He adds: “I helped beat the BNP by going to where BNP voters were and explaining there was a better way and leading them away from extremism. “If you want to change lives, you need the energy and conviction to find those who are vulnerable, whoever they are, show them you care and give them better choices to make. It is tough and you have to get your hands dirty, but it is the only way.”
But he warns there is still much extremism to fight. “I can scarcely believe that, in 2015, Jews are leaving France and some are thinking about leaving the UK because of a rise in anti-Semitism.
“As an MP, I would use my experience of campaigning against the BNP to continue the fight against this resurgence of religious and racial hatred, whether it comes from fascism or radical Islamism.”
Maajid Nawaz is probably the highest-profile of this constituency’s candidates, best known for being co-founder of anti-extremist think tank Quilliam.
He has an interesting backstory, having been a member of Islamist group Hizb ut-Tahrir. This led to him being imprisoned in 2001 when visiting Egypt, where the group is banned. He was jailed for six years but, after being released, he turned his life around to focus on tackling terrorism. He says all this experience should be seen as a positive for the Jewish community.
Nawaz explains: “There is an abundance of imams who will speak out against extremism, but is there an abundance of people in the Muslim community whose passion it is to speak out against anti-Semitism?”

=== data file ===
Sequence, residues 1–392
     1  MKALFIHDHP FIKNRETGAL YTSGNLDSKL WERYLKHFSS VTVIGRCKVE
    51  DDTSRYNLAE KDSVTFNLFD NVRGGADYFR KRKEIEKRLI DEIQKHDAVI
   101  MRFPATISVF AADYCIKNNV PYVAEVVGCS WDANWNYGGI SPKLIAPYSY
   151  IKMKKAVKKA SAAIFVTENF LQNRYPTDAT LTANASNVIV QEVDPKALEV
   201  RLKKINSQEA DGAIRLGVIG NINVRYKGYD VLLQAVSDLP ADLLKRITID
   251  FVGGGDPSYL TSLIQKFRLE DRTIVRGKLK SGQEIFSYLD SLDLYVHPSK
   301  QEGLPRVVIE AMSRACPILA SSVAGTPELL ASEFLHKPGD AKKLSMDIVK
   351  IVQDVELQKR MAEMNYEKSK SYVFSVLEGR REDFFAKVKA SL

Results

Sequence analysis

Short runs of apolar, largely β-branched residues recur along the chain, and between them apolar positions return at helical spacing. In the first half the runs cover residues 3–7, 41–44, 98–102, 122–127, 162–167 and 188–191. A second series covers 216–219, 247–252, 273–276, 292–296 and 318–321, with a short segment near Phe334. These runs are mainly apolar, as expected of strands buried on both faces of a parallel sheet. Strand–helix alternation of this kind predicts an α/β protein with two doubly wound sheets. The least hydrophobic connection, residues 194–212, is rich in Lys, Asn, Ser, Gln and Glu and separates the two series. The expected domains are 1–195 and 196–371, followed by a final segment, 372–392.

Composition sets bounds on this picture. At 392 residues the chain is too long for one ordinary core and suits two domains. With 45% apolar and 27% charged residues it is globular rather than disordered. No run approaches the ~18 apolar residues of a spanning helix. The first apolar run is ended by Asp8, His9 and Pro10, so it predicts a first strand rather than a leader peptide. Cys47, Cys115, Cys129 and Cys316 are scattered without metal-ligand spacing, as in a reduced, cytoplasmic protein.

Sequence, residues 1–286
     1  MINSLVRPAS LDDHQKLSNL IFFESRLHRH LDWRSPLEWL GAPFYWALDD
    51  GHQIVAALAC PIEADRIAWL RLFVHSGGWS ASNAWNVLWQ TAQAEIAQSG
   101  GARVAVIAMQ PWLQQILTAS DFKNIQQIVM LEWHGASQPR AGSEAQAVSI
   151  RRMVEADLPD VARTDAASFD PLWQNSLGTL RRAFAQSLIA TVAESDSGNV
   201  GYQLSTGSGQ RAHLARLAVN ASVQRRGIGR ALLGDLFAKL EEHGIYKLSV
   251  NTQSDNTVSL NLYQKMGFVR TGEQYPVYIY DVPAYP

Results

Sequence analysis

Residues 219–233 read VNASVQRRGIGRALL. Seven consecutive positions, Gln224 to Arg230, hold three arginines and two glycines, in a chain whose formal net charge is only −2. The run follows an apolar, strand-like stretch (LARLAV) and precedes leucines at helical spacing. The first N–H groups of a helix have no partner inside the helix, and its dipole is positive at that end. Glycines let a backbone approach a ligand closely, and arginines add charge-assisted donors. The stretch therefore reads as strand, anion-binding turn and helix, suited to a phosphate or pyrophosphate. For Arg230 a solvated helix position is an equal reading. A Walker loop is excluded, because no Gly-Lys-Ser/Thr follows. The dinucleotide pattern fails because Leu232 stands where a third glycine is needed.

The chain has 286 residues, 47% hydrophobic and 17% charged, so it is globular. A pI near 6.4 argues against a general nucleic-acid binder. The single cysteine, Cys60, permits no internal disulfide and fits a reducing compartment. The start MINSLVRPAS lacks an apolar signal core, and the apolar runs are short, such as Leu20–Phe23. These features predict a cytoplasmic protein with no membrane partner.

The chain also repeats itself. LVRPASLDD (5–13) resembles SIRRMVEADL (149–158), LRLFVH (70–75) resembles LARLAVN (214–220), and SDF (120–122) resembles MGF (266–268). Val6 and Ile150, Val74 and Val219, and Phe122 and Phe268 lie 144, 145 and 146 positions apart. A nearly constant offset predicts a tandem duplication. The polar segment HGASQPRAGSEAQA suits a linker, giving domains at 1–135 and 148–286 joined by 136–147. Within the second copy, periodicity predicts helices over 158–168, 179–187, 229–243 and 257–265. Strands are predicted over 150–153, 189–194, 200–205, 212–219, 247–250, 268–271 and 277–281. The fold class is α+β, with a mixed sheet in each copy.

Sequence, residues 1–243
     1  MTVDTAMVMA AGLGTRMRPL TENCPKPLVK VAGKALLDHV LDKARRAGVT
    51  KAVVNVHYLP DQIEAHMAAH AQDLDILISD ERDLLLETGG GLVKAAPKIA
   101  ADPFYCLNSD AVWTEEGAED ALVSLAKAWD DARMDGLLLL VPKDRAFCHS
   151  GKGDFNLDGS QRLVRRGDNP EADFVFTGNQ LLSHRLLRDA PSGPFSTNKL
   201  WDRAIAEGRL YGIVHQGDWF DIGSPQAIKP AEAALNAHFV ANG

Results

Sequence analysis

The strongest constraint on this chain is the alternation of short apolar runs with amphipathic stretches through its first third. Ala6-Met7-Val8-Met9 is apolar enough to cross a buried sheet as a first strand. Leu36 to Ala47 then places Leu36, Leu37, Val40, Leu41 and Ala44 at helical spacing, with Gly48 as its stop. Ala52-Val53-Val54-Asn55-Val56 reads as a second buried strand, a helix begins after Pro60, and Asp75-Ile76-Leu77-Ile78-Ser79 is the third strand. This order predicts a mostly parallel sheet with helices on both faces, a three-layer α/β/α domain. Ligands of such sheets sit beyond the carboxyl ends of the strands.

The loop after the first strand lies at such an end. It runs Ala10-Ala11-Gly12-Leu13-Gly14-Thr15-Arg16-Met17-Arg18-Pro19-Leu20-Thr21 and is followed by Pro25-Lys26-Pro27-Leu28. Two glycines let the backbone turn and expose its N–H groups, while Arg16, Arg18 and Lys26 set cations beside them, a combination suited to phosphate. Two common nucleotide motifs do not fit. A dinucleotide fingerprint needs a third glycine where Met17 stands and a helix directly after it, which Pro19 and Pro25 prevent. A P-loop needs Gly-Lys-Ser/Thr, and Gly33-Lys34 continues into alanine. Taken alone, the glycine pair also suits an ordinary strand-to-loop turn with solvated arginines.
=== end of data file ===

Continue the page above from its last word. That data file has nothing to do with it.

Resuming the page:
If he gets a seat, Nawaz says he would be the first Bush-era former political prisoner to be elected, adding: “It would demonstrate the power of democracy to revive itself and goes against the propaganda of Muslim extremists by showing democracy can work.”
Nawaz has been vocal in his support for the community, speaking at the anti-Semitism rally in London last year and writing for Jewish News during the Israel-Gaza conflict. It is rare to hear a Muslim so openly criticise Hamas, but he said at the time: “The unfashionable truth is that Hamas is a terrorist organisation that plays politics with Gazan blood for ideological reasons, and in doing so aids the Israeli extreme-right narrative.” And he still stands by that, adding: “I know the mindset of the community. What I bring is a counter-narrative.”
He has visited Israel and the West Bank and met with all sides of the conflict. He says: “Articulating a pro-Palestinian case necessitates being able to say Hamas needs to be sidelined. There needs to be a two-state solution.
Both sides need the reassurance of security but the biggest obstacle is Hamas terrorism.”
While he has shown his commitment to standing up to extremism, his own party has had its fair share of criticism over controversial views.
Liberal Democrat figures such as Jenny Tonge and David Ward have made high-profile statements in recent years against Israel.
He says these are “old Lib-Dem voices”, adding: “There is a groundswell of new voices who understand the context of the world. Liberal Democrats are a vote for future generations.”